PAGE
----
Ausmumof3 21,003 Posted October 17, 2019 Report Share Posted October 17, 2019 For some reason ds seems to struggle with understanding power laws in algebra (using aops). We’ve gone over it a few times and different ways and we seem to get it temporarily and then next time he sees them it’s like a mental blank again. We’re near the end of the year now and have mostly taken this year off of forward progress to get more solid on the basics but I really want to get moving again next year (8). Link to post Share on other sites

lewelma 17,669 Posted October 20, 2019 Report Share Posted October 20, 2019 I get my tutor kids to convert all powers into multiplication. They do this for numbers and for variables for at least a month while learning the rules. We love to have a giggle about "please let it not be (x^10)^100". haha. But I just have them write them all out for how ever long it takes them to realize that powers are just repeated multiplication. 2 Link to post Share on other sites

daijobu 4,516 Posted October 22, 2019 Report Share Posted October 22, 2019 I'm also one who uses the definition of exponents to rewrite an expression as multiplication. As many times as it takes, sometimes months. I find that it's when the student wants to rush to the answer without thinking that mistakes are made. 3 Link to post Share on other sites

LMD 8,805 Posted October 22, 2019 Report Share Posted October 22, 2019 If it's aops pre algebra, ch 2 is notoriously brutal! 1 Link to post Share on other sites

Lang Syne Boardie 36,656 Posted October 22, 2019 Report Share Posted October 22, 2019 On 10/20/2019 at 12:16 AM, lewelma said: I get my tutor kids to convert all powers into multiplication. They do this for numbers and for variables for at least a month while learning the rules. We love to have a giggle about "please let it not be (x^10)^100". haha. But I just have them write them all out for how ever long it takes them to realize that powers are just repeated multiplication. I do this, too. Also, I like to make posters and create recitations for algorithms. Visual aids and mnemonics help students over those stuck moments. For powers, I would include rules for the basic four operations, for negative numbers and exponents, and for bases and exponents of zero and one. 1 Link to post Share on other sites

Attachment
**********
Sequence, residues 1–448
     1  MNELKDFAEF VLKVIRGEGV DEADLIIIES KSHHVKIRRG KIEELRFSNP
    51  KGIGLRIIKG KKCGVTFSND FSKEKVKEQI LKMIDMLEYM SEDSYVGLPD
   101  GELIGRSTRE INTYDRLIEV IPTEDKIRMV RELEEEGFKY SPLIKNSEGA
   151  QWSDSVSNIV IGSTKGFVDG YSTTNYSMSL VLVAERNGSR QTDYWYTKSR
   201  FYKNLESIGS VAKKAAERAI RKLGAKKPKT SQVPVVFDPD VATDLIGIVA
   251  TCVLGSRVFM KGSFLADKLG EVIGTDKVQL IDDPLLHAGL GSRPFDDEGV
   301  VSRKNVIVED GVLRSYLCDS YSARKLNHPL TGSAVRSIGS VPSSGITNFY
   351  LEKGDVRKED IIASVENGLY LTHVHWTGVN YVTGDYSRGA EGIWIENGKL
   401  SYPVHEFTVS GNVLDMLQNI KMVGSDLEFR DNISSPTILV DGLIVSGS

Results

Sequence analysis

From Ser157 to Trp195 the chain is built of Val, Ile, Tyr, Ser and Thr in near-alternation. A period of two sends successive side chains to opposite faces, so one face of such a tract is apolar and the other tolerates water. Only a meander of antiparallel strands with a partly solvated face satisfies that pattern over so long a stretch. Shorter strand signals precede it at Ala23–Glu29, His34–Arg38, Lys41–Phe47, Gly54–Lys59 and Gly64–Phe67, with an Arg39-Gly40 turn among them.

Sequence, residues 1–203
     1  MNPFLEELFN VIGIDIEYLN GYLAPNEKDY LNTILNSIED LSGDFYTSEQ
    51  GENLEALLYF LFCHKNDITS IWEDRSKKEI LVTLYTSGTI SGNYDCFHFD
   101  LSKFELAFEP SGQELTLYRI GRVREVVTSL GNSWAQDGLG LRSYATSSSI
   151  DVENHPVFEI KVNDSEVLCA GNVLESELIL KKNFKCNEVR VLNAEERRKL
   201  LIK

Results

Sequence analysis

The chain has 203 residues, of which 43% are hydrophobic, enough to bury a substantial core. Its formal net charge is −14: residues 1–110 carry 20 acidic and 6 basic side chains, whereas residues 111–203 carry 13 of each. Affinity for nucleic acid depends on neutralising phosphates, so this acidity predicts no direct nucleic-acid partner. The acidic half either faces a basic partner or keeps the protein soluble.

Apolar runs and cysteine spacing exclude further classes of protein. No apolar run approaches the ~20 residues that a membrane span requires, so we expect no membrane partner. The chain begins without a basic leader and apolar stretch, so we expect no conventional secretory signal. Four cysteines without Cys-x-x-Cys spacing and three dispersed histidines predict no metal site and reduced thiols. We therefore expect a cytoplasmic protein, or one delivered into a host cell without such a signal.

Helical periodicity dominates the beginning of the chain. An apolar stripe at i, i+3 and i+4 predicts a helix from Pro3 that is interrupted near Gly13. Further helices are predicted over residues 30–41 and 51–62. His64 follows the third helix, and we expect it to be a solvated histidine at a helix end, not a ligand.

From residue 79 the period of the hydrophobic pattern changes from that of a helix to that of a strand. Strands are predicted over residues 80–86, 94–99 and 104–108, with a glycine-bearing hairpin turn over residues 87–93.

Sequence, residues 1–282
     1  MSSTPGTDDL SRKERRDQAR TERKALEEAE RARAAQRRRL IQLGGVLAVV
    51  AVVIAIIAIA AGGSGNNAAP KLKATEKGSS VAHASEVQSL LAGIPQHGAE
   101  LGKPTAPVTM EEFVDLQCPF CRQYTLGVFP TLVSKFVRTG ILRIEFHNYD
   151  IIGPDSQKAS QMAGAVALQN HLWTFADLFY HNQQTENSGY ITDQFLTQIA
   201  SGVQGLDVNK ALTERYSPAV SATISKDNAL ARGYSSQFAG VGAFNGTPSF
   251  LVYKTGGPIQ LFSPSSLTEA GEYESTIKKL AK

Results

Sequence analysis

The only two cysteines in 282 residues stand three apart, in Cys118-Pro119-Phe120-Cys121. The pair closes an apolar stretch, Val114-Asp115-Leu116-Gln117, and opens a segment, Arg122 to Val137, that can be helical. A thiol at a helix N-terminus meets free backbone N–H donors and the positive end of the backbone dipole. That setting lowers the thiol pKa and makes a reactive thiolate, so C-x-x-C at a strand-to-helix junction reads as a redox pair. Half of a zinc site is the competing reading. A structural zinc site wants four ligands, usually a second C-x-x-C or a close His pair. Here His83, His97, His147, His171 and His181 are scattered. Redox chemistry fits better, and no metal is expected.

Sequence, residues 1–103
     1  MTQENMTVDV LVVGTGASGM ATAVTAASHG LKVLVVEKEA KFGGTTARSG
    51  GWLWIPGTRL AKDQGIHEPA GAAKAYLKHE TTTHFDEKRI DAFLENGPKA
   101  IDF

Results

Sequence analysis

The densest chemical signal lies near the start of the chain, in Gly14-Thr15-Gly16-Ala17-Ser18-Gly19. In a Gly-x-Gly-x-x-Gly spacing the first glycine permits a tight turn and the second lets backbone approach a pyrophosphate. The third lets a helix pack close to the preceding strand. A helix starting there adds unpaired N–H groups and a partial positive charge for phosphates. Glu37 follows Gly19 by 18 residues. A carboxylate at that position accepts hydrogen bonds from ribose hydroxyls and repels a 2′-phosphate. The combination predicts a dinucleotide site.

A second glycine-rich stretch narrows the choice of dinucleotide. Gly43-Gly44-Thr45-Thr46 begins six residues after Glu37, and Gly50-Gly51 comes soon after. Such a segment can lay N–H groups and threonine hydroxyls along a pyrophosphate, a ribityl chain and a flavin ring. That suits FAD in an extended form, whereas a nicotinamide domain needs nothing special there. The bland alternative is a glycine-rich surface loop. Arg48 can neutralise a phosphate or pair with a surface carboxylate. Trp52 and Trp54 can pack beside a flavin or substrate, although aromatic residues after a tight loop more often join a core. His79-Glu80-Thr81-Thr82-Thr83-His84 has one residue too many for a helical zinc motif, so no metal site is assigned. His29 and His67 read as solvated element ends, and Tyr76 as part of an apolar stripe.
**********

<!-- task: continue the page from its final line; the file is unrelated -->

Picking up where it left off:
Monica_in_Switzerland 11,553 Posted October 25, 2019 Report Share Posted October 25, 2019 I agree with everyone else. Students have had somewhere between 5 and 8 levels of arithmetic with four operations before hitting exponents, so they just don't feel natural the way the other four operations do (even though, yes, they are just the next step). My son has been having ZERO issues with exponents for months now, in chapter 11 of AOPS Algebra. And then, today, he simplified (x+y)^2 as x^2 +y^2 🤦♀️ . It just happens; the brain hiccups sometimes. Yesterday, he'd expanded the same binomial all the way out to the 7th power, as a discovery route to Pascal's triangle, and had no issues. Then today, this. 😩 We went over it, he got it, we moved on. I like to remind myself that PreA, Algebra, and puberty all tend to coincide in a sort of perfect storm of frustration for homeschool mothers. Every time the brain hiccups, set up a simpler example or have him write it out as a full-on multiplication problem (for things like power to a power means multiply, and base to a power times base to a power means add the powers, etc.) 1 Link to post Share on other sites

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